To the Editor:

From the time this country’s “founding fathers” composed ‘The Declaration of Independence’ and the Constitution of the United States of America, the belief in God and Christian principles have formed the foundation for our national laws and our principles of fair government of the people, by the people, and for the people throughout this wondrous nation.

General George Washington followed these principles in building the first United States Army. At the same time, he installed chaplains into the Army to provide religious guidance and moral support to the troops. These practices have been continued in the American military forces ever since.

That is, until Barack Obama became President. At that time, President Obama said on more than one occasion that “America is not a Christian nation.” The Obama/Biden Administration then began a policy of banning “religious proselytizing” and/or “religious coercion” in the U.S. military services.

This practice is being reinstated by hold-over Obama bureaucrats who are trying to make the sharing of “faith” in the military a criminal act.

Some examples: (1) The Air Force Academy, under pressure, removed the words “so help me God” from the sacred oath sworn by Academy recruits.


(2) A DoD training directive put Christians in the same category as the Islamist terror group that attacked the US on “9/11” (Sept. 11, 2001).*

(3) that military commanders have been prohibited from informing their units about programs and services offered by Chaplains.

In my 22 years of experience in the USAF, including 100 combat missions, I met a large number of veterans of all our military services; many of them, including my F-105 fighter pilot, expressed a number of religious beliefs.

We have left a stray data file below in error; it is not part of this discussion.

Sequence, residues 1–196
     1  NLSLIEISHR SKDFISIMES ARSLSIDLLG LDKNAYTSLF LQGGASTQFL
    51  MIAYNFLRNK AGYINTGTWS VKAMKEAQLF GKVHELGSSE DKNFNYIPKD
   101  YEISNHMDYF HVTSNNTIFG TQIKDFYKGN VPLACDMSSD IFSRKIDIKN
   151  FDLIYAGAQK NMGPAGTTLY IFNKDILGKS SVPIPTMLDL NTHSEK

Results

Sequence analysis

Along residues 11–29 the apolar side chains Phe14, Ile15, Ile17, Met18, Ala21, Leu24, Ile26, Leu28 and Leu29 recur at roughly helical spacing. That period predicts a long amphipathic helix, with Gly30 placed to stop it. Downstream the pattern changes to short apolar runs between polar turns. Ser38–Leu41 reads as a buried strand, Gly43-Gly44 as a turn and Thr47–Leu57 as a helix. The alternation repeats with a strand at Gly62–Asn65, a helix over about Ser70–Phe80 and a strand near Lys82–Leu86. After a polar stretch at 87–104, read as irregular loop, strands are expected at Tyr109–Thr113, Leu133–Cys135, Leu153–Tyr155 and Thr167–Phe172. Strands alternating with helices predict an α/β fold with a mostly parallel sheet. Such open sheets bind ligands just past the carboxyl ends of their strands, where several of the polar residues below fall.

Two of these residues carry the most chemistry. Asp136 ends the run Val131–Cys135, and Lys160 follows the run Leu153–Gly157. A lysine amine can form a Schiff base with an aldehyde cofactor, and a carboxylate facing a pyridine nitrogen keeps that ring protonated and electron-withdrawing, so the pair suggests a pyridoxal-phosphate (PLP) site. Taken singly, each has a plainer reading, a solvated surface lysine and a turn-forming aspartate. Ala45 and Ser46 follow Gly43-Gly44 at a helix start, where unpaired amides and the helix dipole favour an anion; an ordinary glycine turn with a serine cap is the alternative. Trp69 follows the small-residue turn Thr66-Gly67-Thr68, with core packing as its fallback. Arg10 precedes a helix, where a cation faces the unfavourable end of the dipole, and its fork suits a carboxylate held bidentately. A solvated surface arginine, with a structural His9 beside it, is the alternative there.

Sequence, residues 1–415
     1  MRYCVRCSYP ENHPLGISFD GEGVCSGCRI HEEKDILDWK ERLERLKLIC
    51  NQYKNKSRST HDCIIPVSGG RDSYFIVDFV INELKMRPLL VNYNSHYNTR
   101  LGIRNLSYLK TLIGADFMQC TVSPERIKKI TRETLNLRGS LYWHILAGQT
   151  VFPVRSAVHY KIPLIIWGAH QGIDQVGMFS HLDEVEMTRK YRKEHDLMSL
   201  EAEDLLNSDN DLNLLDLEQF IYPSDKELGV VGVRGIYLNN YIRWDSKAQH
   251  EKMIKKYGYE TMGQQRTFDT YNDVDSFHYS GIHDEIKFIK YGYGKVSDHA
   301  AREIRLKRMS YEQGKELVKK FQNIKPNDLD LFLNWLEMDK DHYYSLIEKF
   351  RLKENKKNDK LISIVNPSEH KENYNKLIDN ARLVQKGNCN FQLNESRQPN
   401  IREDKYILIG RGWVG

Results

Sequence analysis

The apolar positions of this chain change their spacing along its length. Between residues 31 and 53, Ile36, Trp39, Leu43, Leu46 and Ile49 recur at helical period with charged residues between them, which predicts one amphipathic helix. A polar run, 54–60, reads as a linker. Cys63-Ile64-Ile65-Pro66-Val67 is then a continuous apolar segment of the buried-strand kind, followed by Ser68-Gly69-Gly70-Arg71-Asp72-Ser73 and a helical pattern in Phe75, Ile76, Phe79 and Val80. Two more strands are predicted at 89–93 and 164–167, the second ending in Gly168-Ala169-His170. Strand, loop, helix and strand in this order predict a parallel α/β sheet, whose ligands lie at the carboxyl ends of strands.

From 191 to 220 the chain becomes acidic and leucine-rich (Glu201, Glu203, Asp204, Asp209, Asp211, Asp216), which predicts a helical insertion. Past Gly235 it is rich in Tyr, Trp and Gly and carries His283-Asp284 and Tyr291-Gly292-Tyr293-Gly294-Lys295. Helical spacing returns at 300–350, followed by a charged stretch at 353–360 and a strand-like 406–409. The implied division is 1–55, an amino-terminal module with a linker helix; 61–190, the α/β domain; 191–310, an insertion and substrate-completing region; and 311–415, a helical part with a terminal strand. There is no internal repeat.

My opinion is that a belief in a religion, especially Christianity, can have a very beneficial and calming effect for someone who is in a stressful state, such as being in combat.

Richard Grover

Mason Twp

EDITOR’S NOTE: *The DoD Directive 1300.17, dated 9/1/20, states: Establishes DoD policy in furtherance of the Free Exercise Clause of the First Amendment to the Constitution of the United States, recognizing that Service members have the right to observe the tenets of their religion, or to observe no religion at all. This allows all religions and beliefs and Implements requirements in Section 2000bb-1 of Title 42, United States Code (U.S.C), also known as “The Religious Freedom Restoration Act” (RFRA), and other laws applicable to the accommodation of religious practices for DoD to provide, in accordance with the RFRA, that DoD Components will normally accommodate practices of a Service member based on a sincerely held religious belief.

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